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UF's Haslem doesn't regret senior season

By ANTONYA ENGLISH, Times Staff Writer
© St. Petersburg Times
published March 17, 2002

CHICAGO -- His final season didn't play out nearly the way he had hoped. In fact, Udonis Haslem and the Gators didn't accomplish any of the goals they set this season. But in a time when most players at big-time schools don't stick around to see their senior seasons, Haslem said he has no regrets.

"I had a good time," he said after Florida's double-overtime loss in the first round. "We definitely had ups and downs. Just thinking back, I think if anything, this will be a learning process for next year. We lost a lot of games down the stretch and we've lost another one down the stretch and I think next year, those guys will make a point not to let that happen again."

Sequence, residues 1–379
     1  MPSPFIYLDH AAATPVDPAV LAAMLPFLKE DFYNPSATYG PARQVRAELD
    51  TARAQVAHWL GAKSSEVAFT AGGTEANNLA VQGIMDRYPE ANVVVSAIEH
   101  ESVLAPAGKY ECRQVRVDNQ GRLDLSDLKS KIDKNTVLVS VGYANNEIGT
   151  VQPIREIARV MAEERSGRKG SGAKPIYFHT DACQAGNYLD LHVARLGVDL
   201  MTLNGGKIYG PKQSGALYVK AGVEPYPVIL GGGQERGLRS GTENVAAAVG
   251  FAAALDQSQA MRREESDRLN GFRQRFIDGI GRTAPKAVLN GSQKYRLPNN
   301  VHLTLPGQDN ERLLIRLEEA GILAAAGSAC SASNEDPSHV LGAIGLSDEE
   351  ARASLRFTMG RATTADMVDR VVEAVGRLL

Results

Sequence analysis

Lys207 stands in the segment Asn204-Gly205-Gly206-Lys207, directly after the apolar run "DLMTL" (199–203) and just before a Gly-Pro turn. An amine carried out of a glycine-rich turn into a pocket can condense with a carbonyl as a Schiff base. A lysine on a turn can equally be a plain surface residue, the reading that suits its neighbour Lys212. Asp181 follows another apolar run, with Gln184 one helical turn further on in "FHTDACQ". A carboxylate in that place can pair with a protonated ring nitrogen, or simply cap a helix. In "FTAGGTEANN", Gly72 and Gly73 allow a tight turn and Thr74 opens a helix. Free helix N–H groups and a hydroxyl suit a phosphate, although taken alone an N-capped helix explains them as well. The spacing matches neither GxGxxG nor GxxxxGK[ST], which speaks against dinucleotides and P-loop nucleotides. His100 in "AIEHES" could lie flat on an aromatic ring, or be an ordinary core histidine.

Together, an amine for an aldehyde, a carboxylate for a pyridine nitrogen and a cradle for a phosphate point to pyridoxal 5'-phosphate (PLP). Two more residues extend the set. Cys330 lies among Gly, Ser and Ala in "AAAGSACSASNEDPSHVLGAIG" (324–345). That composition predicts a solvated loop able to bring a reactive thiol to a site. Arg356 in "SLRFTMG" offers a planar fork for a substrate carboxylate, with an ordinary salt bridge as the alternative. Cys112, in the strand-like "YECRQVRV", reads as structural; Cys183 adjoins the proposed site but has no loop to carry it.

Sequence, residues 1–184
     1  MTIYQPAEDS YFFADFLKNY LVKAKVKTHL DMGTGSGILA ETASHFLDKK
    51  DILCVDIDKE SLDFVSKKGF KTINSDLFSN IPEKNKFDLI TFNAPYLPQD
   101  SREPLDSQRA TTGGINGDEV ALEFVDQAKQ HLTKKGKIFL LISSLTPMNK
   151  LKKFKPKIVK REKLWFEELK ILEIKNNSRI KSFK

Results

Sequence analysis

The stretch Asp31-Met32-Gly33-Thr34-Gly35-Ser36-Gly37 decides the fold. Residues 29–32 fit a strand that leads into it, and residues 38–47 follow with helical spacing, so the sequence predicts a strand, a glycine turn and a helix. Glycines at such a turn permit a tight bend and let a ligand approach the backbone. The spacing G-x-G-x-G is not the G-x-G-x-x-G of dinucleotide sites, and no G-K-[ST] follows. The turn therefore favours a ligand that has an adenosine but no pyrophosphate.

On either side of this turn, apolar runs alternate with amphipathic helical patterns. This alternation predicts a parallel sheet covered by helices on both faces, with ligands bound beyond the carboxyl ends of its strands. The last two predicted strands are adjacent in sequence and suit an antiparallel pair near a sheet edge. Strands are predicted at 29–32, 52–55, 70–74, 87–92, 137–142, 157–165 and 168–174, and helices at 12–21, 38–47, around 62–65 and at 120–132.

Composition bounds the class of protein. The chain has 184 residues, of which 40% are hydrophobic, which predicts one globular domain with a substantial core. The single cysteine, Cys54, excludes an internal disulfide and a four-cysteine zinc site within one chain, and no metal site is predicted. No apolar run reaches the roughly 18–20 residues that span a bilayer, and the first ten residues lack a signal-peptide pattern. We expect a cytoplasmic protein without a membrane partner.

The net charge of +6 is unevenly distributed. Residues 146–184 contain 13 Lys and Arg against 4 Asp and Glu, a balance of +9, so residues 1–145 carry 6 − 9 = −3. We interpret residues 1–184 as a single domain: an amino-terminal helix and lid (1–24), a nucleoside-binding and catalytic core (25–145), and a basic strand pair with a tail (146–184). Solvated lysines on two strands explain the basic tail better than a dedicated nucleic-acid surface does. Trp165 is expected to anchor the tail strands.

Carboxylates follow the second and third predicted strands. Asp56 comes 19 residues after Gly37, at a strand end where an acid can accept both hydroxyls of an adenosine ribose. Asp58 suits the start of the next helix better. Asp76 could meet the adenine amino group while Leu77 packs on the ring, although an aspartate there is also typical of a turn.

Coach Billy Donovan opened his postgame remarks with fond words for his only senior. "I want to say what a pleasure it has been to coach Udonis for the last four years," Donovan said. "Certainly what he's meant to the program, just his dedication, his hard work and what he's done and meant over the last four years, I'm gratefully indebted. He will go down as one of my all-time favorites as a person and a player."

YOU AGAIN?: Illinois coach Bill Self and Creighton coach Dana Altman are quite familiar with each other.

Altman's first game as a coach at Creighton was a 68-61 win over Self's Oral Roberts team during the 1994-95 season. Creighton also beat Self and Oral Roberts 80-64 the next season. For the record, Self is 1-3 vs. Creighton.

Creighton plays Illinois at 12:20 today in the opening game of the second round at the United Center.

TAYLOR'S TIME: His 3-point shooting did more than end Florida's season Friday. The eight 3-pointers Creighton's Terrell Taylor converted were the most by a player in the first or second round of the NCAA Tournament since Miami's John Helmsley hit nine against Lafayette in 1999. He also tied a Midwest Region record.

"His play, particularly those last five points (in double overtime) were some big-time shots," Altman said.

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